Emilie Bickerton on Serge Halimi, Les Nouveaux chiens de garde. Polemical attack on the French media as choristers of the new liberal order. Does Sarkozy’s victory mean the electorate is finally in tune?
SARKOZY’S FIFTH COLUMN
Nicolas Sarkozy’s entry to the Elysée in May 2007 was hailed not just by the right-wing press—‘What a victory!’ exclaimed Le Figaro—but even more sonorously by the liberal centre-left. At Le Monde, Jean-Marie Colombani confidently affirmed that the result showed ‘the country wants to be more dynamic, more offensive, more efficient’—in a word, summed up by the paper’s headline, ‘To Change’. Even the nominally left-wing ‘Anyone But Sarko’ Libération served its mourning readers a dose of stoic realism: ‘he owes his victory to his provocative honesty . . . in keeping with the wishes of the public . . . get ready’. Over the past ten years, the French media had been more inclined to chastise the populace than applaud its political choices—in its rebellious votes for the candidates of the far left and right in the 2002 presidential elections, for example. The 2007 vote seemed to represent a realignment of the electorate with the unanimous opinion—la pensée unique—of the media: that France should comply with the orderly alternation between centre-left and centre-right parties that liberal democracy required. Hence the sigh of relief from Le Monde when mainstream candidates triumphed in 2007’s first round. Colombani again:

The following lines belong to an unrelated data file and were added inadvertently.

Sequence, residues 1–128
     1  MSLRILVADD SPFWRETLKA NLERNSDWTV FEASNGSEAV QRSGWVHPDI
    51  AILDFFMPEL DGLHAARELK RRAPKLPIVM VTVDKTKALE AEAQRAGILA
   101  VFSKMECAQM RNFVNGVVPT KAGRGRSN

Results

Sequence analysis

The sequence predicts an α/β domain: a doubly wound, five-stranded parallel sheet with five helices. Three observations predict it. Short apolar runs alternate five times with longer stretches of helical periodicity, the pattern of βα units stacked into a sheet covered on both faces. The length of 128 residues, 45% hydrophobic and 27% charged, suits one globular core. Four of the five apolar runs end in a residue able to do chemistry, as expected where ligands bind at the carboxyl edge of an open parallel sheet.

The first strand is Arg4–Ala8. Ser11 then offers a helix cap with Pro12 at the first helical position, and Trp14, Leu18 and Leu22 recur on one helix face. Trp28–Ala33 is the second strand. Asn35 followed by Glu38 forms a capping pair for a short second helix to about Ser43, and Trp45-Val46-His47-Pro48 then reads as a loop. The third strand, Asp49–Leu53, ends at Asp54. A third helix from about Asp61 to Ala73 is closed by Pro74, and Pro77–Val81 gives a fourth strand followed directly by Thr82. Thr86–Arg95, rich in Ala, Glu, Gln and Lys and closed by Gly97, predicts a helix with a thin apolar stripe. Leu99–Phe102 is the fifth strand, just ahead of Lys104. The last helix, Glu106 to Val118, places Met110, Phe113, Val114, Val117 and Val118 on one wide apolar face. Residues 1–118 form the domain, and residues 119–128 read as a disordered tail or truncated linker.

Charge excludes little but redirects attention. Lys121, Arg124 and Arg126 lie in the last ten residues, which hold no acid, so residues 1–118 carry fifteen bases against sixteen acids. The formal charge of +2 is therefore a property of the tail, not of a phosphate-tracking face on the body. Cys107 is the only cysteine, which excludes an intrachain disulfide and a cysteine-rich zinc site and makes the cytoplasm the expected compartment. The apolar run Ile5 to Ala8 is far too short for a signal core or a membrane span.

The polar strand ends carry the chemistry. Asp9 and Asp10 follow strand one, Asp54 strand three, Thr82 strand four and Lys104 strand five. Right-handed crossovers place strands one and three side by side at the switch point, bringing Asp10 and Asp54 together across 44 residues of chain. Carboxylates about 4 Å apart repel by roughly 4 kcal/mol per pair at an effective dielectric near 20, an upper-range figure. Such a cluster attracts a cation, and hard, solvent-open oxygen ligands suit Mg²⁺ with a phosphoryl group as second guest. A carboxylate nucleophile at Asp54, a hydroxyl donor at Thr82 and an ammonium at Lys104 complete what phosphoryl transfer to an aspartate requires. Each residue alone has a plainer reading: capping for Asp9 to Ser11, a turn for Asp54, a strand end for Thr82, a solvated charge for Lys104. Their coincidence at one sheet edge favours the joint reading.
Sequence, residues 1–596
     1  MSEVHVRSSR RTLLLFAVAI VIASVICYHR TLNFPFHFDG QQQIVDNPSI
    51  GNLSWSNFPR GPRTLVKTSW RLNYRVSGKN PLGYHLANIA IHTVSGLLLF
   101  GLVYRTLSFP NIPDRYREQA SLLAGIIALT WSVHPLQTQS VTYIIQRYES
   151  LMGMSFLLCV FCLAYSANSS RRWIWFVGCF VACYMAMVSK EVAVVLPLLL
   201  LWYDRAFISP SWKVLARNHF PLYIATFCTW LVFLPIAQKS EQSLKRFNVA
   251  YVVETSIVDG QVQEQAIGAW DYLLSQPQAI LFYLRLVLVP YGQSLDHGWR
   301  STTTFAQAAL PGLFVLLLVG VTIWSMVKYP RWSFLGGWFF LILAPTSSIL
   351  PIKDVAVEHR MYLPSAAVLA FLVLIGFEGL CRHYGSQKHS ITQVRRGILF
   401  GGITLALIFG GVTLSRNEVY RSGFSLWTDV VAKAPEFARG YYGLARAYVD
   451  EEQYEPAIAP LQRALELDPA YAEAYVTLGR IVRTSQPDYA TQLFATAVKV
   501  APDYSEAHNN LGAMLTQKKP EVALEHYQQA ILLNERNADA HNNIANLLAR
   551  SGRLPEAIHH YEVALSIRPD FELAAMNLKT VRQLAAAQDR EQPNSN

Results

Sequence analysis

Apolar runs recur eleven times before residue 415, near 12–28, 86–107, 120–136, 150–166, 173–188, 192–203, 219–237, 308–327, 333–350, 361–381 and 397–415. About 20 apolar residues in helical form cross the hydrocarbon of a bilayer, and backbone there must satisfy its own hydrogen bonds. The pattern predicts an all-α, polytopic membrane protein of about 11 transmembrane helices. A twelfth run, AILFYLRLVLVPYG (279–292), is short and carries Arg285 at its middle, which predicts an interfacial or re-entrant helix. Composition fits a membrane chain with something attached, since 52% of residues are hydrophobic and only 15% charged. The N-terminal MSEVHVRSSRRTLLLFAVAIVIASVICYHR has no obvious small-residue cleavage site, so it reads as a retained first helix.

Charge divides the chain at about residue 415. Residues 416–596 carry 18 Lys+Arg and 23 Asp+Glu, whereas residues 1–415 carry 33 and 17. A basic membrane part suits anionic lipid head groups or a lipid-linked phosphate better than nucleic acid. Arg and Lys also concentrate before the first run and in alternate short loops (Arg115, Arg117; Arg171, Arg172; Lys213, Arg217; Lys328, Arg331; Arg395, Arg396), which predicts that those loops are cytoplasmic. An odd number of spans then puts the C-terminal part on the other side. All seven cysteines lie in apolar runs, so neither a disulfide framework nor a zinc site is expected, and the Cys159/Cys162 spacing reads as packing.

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Culture After Google
Emilie Bickerton on Astra Taylor, The People’s Platform. Diagnosis of a cultural production laid low by digital consolidation, and political proposals for a push-back.
A Bonfire of Art
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The Camera Possessed
Extraordinary career of Jean Rouch—surrealist, engineer, anthropologist, cinéaste—synthesizing the gains of Vertov and Flaherty, to take his camera inside the taboo. In Abidjan and Paris, ethnographical films appropriated by their subjects as springboard for the New Wave.